Startup Profile: PodPonics Gives Rise to Sustainable Lettuce Enterprise In Used Shipping Containers

For Atlanta, GA-based startup, PodPonics, lettuce is everything. More than 12 chefs in the area have gone on record to say PodPonics’ greens are the best they’ve ever tasted, said Dan Backhaus, the company’s sales and marketing strategist.

“For them to get excited, you have to have pretty darn good lettuce,” he said.

PodPonics’ lettuce, by the way, is grown inside of used shipping containers that are converted into modular controlled-environment growth pods. The pods contain a proprietary growing system that combines hydroponics, advanced LED lighting, irrigation and nutrient technology with process control. Read more

Recirculating Farm Coalition Promotes Sustainable Agriculture & Aquaculture

The newly established Recirculating Farms Coalition (RFC) has launched a national campaign to promote the growing of local, fresh food and the creation of green jobs. The organization, which counts educators, farmers, chefs, non-profit groups and others among its members, seeks to achieve its objectives by focusing on the development of eco-friendly recirculating farms.

For reference, the organization defines a recirculating farm as one that uses clean recycled water, rather than soil, as a basis to grow food. These farms can grow plants (hydroponics), fish (aquaculture), or both plants and fish together (aquaponics). Read more

Startup Profile: Greenhouses in the Sky, Oh My

Creating something out of nothing. Isn’t that the magic of farming? Taking things that don’t seem to mean much by themselves – dirt and seeds and water – and creating sustenance. Lately, skyfarmers like those at Sky Vegetables are trying to do that with even less. They’re taking the soil and even some of the water out of the equation, and substituting in an underused resource – roofs. In doing so, they hope to create value, jobs and local produce where before there was nothing. Read more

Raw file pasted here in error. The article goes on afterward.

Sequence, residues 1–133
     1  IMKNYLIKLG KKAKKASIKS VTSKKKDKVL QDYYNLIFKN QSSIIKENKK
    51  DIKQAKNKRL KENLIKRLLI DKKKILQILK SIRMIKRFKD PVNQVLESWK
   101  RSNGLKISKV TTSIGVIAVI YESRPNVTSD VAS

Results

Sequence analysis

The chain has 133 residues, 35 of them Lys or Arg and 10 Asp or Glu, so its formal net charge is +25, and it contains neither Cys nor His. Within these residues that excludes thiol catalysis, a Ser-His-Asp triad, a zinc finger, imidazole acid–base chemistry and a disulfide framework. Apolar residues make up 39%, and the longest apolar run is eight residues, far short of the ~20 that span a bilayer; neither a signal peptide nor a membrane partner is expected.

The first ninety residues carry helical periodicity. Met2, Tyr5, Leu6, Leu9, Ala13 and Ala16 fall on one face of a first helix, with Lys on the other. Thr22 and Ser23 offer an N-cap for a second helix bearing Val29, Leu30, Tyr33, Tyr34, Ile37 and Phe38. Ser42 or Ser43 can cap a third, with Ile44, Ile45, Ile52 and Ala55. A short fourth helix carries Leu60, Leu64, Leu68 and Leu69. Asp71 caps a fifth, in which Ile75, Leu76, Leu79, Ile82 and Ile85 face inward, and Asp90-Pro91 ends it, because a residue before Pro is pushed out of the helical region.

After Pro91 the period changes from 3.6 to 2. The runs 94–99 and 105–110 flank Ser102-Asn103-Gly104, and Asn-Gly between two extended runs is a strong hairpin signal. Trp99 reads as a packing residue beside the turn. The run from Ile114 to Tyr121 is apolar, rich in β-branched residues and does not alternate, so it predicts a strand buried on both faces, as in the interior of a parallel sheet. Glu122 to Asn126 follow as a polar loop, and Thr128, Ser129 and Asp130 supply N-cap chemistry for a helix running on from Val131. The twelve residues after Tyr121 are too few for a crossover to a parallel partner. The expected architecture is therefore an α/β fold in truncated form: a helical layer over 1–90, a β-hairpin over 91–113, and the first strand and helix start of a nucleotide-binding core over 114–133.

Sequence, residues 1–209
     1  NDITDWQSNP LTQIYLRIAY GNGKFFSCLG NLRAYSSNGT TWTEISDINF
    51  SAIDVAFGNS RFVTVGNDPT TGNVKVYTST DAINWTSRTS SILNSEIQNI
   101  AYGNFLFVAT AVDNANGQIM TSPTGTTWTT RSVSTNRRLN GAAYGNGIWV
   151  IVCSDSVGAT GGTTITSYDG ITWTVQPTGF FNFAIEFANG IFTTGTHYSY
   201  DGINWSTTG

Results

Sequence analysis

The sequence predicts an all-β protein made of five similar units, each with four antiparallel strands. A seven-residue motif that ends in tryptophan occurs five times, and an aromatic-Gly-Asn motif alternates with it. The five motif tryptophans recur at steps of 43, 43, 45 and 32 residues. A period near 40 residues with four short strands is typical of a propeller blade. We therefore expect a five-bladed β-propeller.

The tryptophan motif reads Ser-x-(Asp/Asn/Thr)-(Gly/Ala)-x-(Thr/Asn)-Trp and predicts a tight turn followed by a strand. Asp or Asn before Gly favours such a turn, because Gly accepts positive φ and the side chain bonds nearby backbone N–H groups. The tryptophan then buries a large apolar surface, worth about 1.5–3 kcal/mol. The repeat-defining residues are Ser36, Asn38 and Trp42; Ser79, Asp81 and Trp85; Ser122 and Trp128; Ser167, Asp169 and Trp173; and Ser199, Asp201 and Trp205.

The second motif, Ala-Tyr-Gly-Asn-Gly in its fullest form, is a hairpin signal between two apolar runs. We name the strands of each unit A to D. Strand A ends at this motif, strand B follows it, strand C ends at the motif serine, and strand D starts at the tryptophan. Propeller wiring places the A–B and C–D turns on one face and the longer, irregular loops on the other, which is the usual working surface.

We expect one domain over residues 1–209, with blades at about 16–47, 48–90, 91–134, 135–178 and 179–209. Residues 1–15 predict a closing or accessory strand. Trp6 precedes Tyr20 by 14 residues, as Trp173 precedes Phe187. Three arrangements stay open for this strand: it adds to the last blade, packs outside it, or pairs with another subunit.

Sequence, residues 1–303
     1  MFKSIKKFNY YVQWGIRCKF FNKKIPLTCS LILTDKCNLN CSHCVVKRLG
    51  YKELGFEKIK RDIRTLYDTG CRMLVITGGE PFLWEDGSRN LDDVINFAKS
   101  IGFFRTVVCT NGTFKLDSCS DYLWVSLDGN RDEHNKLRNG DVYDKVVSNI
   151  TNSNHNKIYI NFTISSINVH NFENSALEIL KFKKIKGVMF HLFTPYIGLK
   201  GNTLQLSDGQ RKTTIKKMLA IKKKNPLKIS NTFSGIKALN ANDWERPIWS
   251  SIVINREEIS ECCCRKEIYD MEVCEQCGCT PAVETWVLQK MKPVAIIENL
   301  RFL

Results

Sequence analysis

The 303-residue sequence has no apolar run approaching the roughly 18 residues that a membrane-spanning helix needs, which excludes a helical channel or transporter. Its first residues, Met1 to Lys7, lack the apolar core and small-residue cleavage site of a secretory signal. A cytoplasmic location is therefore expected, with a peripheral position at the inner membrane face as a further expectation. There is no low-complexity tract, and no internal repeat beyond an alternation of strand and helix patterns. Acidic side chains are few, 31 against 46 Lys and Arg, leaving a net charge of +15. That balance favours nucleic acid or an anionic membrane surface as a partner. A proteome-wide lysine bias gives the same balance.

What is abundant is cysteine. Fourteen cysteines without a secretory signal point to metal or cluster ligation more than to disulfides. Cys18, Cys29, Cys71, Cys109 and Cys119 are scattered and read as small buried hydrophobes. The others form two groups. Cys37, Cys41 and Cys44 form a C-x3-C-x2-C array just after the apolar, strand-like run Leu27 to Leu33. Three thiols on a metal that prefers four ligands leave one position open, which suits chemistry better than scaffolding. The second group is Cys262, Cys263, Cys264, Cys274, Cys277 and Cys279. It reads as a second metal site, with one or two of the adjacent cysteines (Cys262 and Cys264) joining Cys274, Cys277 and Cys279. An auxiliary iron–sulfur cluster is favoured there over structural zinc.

Rooftop Farm Couples Science with Sustainability

Finding fresh, high-quality produce in Montreal is a challenge. The long and winding road that produce typically travels from farm to market in this city means that it must be harvested far before it’s ripe in order to survive long shipping distances. The downfalls of the current supply chain – heavy fuel use, food safety risks, and the lack of personal connection between farmer and consumer – inspired Mohamed Hage, president and founder of Lufa Farms, to develop a model urban farm that would provide local, sustainable food to city dwellers. Read more

Vertical Farming Startups Seek Profit by Bringing Sustainable Agriculture to Cities

It’s Vertical Farming day over at Seedstock and we’re celebrating with a digest that features stories on a number of vertical urban agriculture startups that have the potential to play an outsize role in furthering the goals of sustainable agriculture.  Enjoy your reads!

Rooftop Farm Couples Science with Sustainability

Finding fresh, high-quality produce in Montreal is a challenge. The long and winding road that produce typically travels from farm to market in this city means that it must be harvested far before it’s ripe in order to survive long shipping distances. The downfalls of the current supply chain – heavy fuel use, food safety risks, and the lack of personal connection between farmer and consumer – inspired Mohamed Hage, president and founder of Lufa Farms, to develop a model urban farm that would provide local, sustainable food to city dwellers.

Growing a Million Heads of Lettuce on a Pin

Vertical Agriculture System

To grow one million heads of lettuce using conventional agriculture methods in the US requires either 16 acres of land in the Northern states, 8 acres of land in the Southern states, or .9 acres in a traditional hydroponic greenhouse operation. Vancouver-based Valcent Products Inc. (OTCBB: VCTZF) claims that it can beat those numbers handily and produce the same amount of lettuce sustainably on just .16 acres with its patented hydroponic vertical growing system, VertiCrop™.

Home Town Organic Farm Goes Vertical in the City

Vertical Organic Urban Farming System

Dan Gibbs, CEO of San Diego, CA-based vertical organic farming startup Home Town Farms, doesn’t believe he’s introducing a new company, but an entire industry that will benefit consumers, the environment and the future of sustainable agriculture. “Urban farming isn’t new, vertical farming isn’t new, but vertical urban farming is new,” said Gibbs. To grow the vertical urban farming industry, Home Town Farms plans to build one-half to three-acre greenhouses on the rooftops, abandoned lots, and corners of urban areas in densely populated U.S. cities.

TerraSphere Systems: Sustainable Vertical Farming is a Reality 

Vertical Farm System